Peter Turchin



monograph · Do europeans exist?


Deep Historical Roots of European Values, Institutions, and Identities

Peter Turchin

The grand project of European integration is failing. Signs of dysfunction abound: from Greece’s debt debacle to the immigration crisis and now “Brexit”. A disintegrative trend at the European level is mirrored within constituent states: think of the Scottish and Catalan independence drives, or the inability of Belgium to form a national government for years. In a dramatic reversal of the post-war trend, Europeans have seemingly lost their ability to cooperate across different national units and across different ethnic groups.

To put this failure in perspective, getting people to cooperate in very large groups like the EU is difficult. The science of understanding how humans have been able to form huge cooperative societies numbering in tens and hundreds of million is still in its infancy. Social scientists cannot really run experiments involving hundreds of millions of people. Nevertheless, much progress has been achieved by taking a scientific approach to analyzing historical data. [See Turchin, Peter. 2016. Ultrasociety: How 10,000 Years of War Made Humans the Greatest Cooperators on Earth. Chaplin, CT: Beresta Books.]

What we have learned is that the capacity of people to form large cooperative groups is conditioned by deep history—events taking place hundreds, and sometimes thousands of years in the past. One particularly important factor that historical analyses have identified is the long-lasting influence of past, and now long-gone, empires. Why?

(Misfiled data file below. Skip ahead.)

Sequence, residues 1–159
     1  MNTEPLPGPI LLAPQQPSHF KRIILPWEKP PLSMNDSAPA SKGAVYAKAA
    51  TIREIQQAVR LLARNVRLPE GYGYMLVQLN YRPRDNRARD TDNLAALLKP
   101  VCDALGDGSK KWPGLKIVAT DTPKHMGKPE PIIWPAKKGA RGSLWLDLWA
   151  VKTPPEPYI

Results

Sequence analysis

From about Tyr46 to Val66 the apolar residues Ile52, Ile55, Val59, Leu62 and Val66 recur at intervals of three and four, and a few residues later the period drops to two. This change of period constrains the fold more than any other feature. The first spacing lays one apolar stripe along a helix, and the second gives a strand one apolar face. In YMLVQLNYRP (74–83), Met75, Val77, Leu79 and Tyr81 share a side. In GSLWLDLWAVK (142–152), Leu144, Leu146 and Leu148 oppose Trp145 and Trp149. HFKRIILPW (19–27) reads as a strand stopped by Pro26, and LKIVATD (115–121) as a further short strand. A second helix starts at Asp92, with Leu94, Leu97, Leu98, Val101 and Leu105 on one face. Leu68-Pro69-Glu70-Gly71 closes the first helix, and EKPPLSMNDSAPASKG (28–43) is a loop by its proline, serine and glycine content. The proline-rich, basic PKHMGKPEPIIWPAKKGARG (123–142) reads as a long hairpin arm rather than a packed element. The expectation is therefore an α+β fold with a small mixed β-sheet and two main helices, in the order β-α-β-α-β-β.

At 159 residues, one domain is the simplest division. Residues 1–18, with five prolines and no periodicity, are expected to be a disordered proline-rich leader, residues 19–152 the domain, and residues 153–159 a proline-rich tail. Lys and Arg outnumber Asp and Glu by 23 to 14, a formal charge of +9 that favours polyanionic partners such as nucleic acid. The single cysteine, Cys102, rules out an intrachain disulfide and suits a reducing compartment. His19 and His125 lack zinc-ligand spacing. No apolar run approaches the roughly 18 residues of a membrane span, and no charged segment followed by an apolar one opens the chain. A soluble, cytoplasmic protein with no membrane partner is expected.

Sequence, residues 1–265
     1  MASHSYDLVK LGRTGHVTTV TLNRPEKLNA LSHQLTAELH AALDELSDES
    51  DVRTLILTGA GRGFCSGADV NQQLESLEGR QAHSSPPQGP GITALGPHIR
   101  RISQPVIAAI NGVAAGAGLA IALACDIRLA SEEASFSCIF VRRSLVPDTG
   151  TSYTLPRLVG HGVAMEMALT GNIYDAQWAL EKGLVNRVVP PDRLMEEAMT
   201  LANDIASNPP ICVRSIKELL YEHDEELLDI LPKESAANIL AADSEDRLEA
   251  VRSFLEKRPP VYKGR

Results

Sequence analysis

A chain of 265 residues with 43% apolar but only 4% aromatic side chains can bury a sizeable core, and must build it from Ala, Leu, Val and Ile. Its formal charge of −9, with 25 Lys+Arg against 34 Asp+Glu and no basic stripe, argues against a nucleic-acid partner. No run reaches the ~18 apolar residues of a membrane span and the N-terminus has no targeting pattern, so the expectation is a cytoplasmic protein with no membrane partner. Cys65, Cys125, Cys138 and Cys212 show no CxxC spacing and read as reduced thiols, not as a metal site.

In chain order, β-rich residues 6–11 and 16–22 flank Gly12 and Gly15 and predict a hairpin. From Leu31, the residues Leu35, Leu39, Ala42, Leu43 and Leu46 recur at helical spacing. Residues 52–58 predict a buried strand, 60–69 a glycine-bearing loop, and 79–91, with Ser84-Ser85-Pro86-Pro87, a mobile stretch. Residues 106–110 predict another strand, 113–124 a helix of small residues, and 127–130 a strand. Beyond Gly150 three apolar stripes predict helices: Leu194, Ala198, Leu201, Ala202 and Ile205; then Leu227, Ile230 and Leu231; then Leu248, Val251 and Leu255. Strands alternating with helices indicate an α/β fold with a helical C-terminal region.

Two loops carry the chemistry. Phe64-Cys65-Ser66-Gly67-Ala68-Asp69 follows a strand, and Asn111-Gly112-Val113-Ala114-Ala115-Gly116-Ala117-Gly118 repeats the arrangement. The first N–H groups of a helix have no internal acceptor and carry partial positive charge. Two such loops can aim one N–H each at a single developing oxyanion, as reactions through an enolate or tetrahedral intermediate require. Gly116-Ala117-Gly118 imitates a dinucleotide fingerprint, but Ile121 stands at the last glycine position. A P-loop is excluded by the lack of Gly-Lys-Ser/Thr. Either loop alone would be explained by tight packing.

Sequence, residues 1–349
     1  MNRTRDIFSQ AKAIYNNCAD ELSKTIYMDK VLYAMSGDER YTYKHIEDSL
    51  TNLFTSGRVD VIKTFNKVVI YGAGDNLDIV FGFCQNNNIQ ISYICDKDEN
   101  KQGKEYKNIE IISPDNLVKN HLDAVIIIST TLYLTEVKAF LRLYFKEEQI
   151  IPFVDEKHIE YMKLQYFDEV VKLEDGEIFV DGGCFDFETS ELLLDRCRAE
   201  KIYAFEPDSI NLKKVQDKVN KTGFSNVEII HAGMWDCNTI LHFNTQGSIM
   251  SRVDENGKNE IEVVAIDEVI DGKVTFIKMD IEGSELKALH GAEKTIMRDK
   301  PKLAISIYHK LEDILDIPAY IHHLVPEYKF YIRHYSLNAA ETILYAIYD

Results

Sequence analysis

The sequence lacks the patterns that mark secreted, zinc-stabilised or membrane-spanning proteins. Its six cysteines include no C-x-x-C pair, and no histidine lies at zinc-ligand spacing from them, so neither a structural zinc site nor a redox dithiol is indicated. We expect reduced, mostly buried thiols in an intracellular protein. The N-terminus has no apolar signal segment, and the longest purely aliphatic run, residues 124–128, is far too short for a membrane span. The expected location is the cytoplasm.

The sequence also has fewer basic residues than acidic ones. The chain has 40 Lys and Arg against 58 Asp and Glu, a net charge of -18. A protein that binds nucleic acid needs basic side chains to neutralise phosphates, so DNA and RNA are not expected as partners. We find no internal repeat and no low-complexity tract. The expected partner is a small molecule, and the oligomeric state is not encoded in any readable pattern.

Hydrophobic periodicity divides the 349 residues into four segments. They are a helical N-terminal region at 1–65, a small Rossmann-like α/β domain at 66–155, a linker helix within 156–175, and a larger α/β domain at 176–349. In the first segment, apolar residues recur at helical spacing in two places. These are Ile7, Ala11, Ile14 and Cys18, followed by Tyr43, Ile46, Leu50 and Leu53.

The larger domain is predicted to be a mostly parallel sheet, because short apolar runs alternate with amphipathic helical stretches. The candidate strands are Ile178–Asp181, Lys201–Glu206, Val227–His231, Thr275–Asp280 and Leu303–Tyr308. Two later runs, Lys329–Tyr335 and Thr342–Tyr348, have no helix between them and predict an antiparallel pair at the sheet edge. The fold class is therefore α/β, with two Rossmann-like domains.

Successful cooperation requires that people share values, institutions, and social identities. Values tell us why we want to cooperate: what is the public good that we collectively want to produce? Norms and institutions tell us how we are going to organize cooperation. Shared identities help people pull together to overcome barriers to cooperation (such as the temptation to free-ride on the efforts of others). As an example, the very first principle of managing cooperative action, identified by Nobel prize-winning political scientist Elinor Ostrom, was 1. Define clear group boundaries. Mismatched values, institutions, and identities often doom a cooperative effort even before it has had a chance to get off the ground.

Historical experience of living in the same state often results in the spread of common values, institutions, and identities among initially diverse groups. Elements of culture, including those that affect cooperation, change slowly, and often persist for long periods of time after the original empire has broken apart.

We can use the data from the World Values Survey (WVS) to visualize these “ghosts of empires past”. WVS has been collecting data on people’s beliefs in many countries since 1981. Researchers discovered that much of variation between populations of different countries can be mapped to just two dimensions: (1) Traditional values versus Secular-rational values and (2) Survival values versus Self-expression values. When values for each country in the sample are plotted in a two-dimensional space defined by these two axes, we have what is known as the Inglehart–Welzel Cultural Map. I have taken the WVS data for European countries from the latest (sixth) survey, and color-coded them by shared history within past states: the Carolingian, Habsburg, Ottoman, British, and Russian Empires. “Nordic” refers to the Danish and Swedish Empires (since Denmark at some points in historical time included Norway, Iceland, and a part of Sweden, while Sweden included Finland).

As the figure demonstrates, modern countries, which belonged to the same past and long-gone empire, cluster very closely together. There is little overlap. And when there is, it may reflect the influence of even more ancient empires. For example, Spain, Italy, Greece, and the Balkans were all core regions of the Roman Empire.

Of particular interest is the cluster of the countries that used to be part of the Carolingian Empire (which reached its peak in 800 under Charlemagne). It’s remarkable that the original group of six European states that signed in 1957 the treaty establishing the European Economic Community, the precursor of the European Union (France, Germany, Italy, and the Benelux), were also the core of Charlemagne’s empire.